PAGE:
The current round of massive Corona Virus easing began Monday March 16th, 2020, with the FED buying $40 billion in Treasuries and then buying another $50 billion in Treasuries on Tuesday. By Thursday morning, it had upped the plan to $75 billion PER DAY and added $10 billion in mortgage securities. By Friday morning, the Fed had decided to buy $107 billion worth of Treasuries and mortgage-backed securities. In its first week, the FED purchased $317 billion worth of assets, which is slightly faster than the Fed balance sheet grew at the height of the 2008-2009 financial crisis. Initially, the Federal Reserve estimated purchases of $500 billion but FED chief Jerome Powell said the initial estimate was a floor and he emphasized that there was no ceiling.
The European Central Bank has announced its own quantitative easing program. The ECB originally announced that it intended to buy 750 billion euros ($819 billion) worth of bonds but the ECB said it will increase purchases as needed.
With money printing on that scale, many people are wondering if it will cause massive inflation or even hyperinflation.
What is Inflation and What Causes it?
When talking about inflation most people think of an increase in the price that they pay for goods and services. Technically, that is called “Price Inflation” which is generally caused by an increase in the money supply (i.e. monetary inflation). So you would think that pumping $2 TRILLION into the economy would cause massive price inflation or even Hyperinflation.
But there are other factors involved in the creation of inflation than just the quantity of money in circulation. One of the major factors is called the Velocity of Money.
The velocity of money is the speed at which people are motivated to spend their money. During normal times people spend money when they need or want things. But during times of deflation (when prices are going down) people are motivated to hold on to their money and so the velocity of money goes down.
Conversely, during times of higher inflation (or even just the perception that inflation is coming) people are motivated to spend their money quicker before it loses some of its value. During times of hyperinflation when money loses value daily (or even hourly) such as in Weimar Germany, Zimbabwe, or Venezuela people may rush out to spend money instantly knowing that it will be worthless (or at least worth less) before long.
During the 2008-2009 market crash stocks lost over 50% of their value so people were watching their retirement plan evaporate, unemployment was skyrocketing so people were afraid of losing their jobs and/or their houses so people stopped spending money on anything that wasn’t an absolute necessity, thus the velocity of money fell drastically. This caused a waterfall effect as “luxury” businesses were forced to layoff people making the unemployment rate even worse and causing even more cuts in spending.
In addition to a decrease in the velocity of money, the market crash itself was deflationary i.e. when stock prices fall “wealth” is destroyed. In addition to ordinary individuals retirement accounts, a significant portion of the wealthy, upper-middle-class and middle-class people hold a large portion of their wealth in the stock market, so if the stock market loses a significant portion of its value these people not only feel poorer they are poorer (they can’t sell their stocks and buy as much stuff). So even though the stock market isn’t counted in most monetary calculations it is still part of the modern money supply.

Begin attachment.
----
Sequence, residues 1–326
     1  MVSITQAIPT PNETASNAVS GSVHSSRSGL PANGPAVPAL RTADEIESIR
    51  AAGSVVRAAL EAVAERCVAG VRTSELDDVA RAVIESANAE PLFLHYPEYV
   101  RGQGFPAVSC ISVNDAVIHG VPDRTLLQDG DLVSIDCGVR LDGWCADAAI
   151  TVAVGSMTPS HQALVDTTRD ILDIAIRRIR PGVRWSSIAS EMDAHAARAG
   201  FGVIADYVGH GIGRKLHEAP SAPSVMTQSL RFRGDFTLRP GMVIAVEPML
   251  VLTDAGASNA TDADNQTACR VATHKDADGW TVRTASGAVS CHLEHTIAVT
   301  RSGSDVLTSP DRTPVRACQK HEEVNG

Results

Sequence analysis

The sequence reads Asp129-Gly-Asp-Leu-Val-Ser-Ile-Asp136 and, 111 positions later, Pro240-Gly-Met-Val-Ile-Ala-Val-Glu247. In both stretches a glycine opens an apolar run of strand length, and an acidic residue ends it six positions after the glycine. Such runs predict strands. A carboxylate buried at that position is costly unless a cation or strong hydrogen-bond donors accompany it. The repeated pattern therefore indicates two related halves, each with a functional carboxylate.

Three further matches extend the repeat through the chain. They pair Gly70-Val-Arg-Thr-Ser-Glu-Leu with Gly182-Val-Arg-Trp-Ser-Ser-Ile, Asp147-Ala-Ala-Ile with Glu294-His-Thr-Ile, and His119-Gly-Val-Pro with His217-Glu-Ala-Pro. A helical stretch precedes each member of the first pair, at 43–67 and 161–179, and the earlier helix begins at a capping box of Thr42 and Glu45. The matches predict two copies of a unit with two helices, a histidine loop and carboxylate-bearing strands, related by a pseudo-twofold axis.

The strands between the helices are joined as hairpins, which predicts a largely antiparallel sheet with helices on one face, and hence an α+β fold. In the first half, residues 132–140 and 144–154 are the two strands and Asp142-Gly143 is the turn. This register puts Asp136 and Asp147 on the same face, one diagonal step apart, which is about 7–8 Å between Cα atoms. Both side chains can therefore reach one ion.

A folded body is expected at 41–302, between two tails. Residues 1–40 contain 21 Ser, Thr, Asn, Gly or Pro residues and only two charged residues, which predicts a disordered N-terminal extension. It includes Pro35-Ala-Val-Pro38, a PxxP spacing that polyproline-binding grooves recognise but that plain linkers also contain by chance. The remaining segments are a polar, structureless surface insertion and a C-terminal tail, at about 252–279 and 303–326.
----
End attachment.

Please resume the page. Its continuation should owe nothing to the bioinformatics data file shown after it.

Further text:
So back to the question, Will the $2 Trillion COVID-19 Stimulus Cause Inflation? Or even Hyperinflation?
The answer depends on how well the deflationary forces ie. the falling stock market, decrease in spending (i.e. slower velocity of money), and the decrease in GDP due to closures are balanced against the inflationary forces of the stimulus.
The total value of the U.S. stock market was roughly $37.7 Trillion at the end of 2019. So a loss of 30% would reduce the perceived money supply by $11.3 Trillion so $2 Trillion would be only a “drop in the bucket” but if the stimulus causes the stock market to rebound to previous levels as fear of the virus abates, we then have a $2 Trillion surplus to cause inflation. But there is more to consider than just the stock market.
The GDP of the United States in 2019 was $21.4 Trillion, so if the U.S. GDP falls by 10% due to the virus, and the stock market rebounds to previous levels rather quickly, a $2 Trillion infusion would be just about right to keep inflation at current levels. Of course, if the GDP falls by 15% we could see deflation and if it only falls by 5% we could see inflation. In the deflationary scenario, the FED will probably institute more Quantitative Easing and in the inflationary scenario, the FED will institute Quantitative Tightening as conditions unfold. Quantitative easing is where the FED buys “assets” on the open market in order to pump liquidity directly into the market.
In the following chart, we can see the FED’s “Total Assets” where we can see the three previous phases of Quantitative Easing (QE) where the FED massively increased the money supply to fight the deflationary forces on the 2008-2009 crash.
Then beginning in 2018 through most of 2019 the FED began trying to unwind some of their holdings by engaging in Quantitative Tightening, which resulted in the stock market tanking and so the FED reversed course and began easing at the end of 2019. At the tail end of the chart, we can see the FED is once again instituting massive easing to combat the market crash due to the virus.
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